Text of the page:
If you’re in an area where you can’t find these chiles, you can get them online at Fiesta Spices’ website. They have a whole section of their website just for dried chile peppers. Now that I think about it, Albertson’s in Hammond carries some of Fiesta’s spices, so maybe I’ll drop by there next time and see if they have the chiles, too. If not, everything is available online, thank heavens.
Will BF Eat It?
That’s always the question. I didn’t really make it for him, anyway. But he alternates between “I’ll try anything you make” to “I don’t think I’m gonna like it, I’d rather not try it.” Whatever. I’ll let you know.
If you eat this, you, too, will be come enlightened. I’m being silly when I say that, but that’s how good it is.
For my next blog post, I’ll tell you all about Hammond’s Tienda de comestibles, or little Mexican grocery store. We’ve recently seen folks speaking Spanish here, no English. Aside from the other considerations, it could mean more Hispanic foods may become available locally if the migration trend continues. Maybe it’s time for me to finally learn Spanish, even if I have to use DuoLingo. But for now, I can get some of these wonderful Mexican ingredients, along with ready-made chorizo, on the same trip as visiting Hobby Lobby, Rouse’s, and Target.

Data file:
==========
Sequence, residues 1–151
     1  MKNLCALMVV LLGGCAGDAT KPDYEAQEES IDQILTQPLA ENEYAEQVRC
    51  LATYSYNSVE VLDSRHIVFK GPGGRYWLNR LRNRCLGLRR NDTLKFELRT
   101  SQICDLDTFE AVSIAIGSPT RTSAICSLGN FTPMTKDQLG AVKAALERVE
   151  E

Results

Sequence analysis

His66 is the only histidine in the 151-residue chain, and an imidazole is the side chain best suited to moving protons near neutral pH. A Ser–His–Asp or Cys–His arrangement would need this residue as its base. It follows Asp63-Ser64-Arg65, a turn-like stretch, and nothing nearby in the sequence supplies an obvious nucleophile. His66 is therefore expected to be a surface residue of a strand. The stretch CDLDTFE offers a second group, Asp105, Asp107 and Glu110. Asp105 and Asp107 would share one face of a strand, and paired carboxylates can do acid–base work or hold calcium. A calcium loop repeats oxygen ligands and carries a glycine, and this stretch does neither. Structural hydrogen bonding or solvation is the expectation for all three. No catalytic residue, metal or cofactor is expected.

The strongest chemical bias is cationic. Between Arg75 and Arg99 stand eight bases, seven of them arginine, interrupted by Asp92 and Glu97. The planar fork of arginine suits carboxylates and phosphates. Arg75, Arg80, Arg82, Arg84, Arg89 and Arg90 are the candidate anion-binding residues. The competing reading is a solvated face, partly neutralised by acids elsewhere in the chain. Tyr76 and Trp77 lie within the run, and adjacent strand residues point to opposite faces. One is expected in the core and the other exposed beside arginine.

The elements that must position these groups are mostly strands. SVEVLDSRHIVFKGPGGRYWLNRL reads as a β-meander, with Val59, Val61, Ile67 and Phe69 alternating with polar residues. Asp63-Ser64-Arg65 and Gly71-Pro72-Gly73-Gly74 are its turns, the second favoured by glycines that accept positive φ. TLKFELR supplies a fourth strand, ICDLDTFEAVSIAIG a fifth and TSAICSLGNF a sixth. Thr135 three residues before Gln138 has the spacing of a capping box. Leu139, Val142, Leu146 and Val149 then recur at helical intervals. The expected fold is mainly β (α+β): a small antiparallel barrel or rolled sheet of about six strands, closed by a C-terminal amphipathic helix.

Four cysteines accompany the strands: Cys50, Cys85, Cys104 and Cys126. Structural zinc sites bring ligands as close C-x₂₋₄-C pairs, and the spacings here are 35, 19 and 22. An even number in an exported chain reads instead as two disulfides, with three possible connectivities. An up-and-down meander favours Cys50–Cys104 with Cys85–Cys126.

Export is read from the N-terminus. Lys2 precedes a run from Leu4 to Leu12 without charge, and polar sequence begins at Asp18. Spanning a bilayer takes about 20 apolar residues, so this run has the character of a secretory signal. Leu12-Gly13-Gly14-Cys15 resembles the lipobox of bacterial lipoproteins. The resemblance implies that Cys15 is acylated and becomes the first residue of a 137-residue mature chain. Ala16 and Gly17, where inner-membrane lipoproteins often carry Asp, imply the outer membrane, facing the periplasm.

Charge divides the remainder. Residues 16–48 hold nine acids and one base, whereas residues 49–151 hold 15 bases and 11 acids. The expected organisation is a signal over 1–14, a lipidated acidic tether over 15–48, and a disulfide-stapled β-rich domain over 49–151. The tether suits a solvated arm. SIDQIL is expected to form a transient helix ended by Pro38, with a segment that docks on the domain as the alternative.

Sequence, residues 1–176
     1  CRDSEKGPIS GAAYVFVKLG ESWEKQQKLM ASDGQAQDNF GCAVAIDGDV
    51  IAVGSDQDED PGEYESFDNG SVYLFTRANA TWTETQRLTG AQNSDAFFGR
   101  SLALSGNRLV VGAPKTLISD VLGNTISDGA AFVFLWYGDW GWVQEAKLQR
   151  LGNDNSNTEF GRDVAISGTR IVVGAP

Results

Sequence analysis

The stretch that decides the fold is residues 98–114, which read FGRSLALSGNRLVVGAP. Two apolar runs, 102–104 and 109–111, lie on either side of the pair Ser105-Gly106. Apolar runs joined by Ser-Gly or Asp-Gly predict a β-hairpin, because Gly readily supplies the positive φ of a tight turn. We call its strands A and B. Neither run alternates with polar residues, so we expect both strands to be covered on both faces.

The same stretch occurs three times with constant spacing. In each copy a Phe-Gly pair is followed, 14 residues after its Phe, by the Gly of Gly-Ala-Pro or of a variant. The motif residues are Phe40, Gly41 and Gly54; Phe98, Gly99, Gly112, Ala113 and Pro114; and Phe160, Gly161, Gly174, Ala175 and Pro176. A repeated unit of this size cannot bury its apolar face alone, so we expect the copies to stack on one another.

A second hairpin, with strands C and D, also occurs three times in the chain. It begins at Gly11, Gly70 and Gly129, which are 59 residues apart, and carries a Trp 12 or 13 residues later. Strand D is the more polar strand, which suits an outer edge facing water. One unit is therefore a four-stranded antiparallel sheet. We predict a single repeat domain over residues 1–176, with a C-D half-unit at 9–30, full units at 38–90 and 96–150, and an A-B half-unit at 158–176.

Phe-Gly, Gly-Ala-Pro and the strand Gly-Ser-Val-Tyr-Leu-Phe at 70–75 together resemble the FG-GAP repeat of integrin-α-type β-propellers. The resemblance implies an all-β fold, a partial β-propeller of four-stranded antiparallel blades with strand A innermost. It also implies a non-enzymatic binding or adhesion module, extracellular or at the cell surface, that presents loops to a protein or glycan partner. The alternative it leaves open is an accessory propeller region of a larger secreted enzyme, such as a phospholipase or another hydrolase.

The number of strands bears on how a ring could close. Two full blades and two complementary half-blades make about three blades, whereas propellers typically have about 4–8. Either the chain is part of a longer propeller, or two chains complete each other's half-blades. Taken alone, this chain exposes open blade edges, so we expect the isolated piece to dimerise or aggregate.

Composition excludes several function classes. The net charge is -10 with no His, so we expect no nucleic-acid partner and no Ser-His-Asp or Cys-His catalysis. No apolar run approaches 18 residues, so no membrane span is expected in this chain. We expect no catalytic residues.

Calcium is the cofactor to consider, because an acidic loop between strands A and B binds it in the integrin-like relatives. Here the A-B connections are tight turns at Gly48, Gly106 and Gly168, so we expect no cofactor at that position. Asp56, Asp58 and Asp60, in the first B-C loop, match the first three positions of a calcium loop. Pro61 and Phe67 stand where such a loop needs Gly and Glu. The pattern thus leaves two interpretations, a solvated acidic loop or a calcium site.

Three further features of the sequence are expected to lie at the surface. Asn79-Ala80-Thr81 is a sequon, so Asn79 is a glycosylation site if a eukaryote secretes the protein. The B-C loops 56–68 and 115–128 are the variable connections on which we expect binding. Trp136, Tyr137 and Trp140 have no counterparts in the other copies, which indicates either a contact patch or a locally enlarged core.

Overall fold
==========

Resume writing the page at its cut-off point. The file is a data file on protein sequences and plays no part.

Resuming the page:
Until next time–Disfrutar! (Enjoy!)
Finally some news, including Hatch chiles, sort of.
Hi, again, Dear Readers:
Well, it’s summer again, and you know what happened. I’ve been writing, cooking, washing, and cleaning, and generally not blogging. For three weeks, the blog was actually broken. Finally, I created a service ticket for my hosting service, and they fixed it quickly.
After finishing the post on the John Walton Celebration of Life, a little catching up is in order.
My new copywriting website is still not finished. It’s one of those big, hairy things I don’t want to deal with, but I have to, eventually.
The good news is that my Upwork Job Success Score (JSS) just went back up to 100%.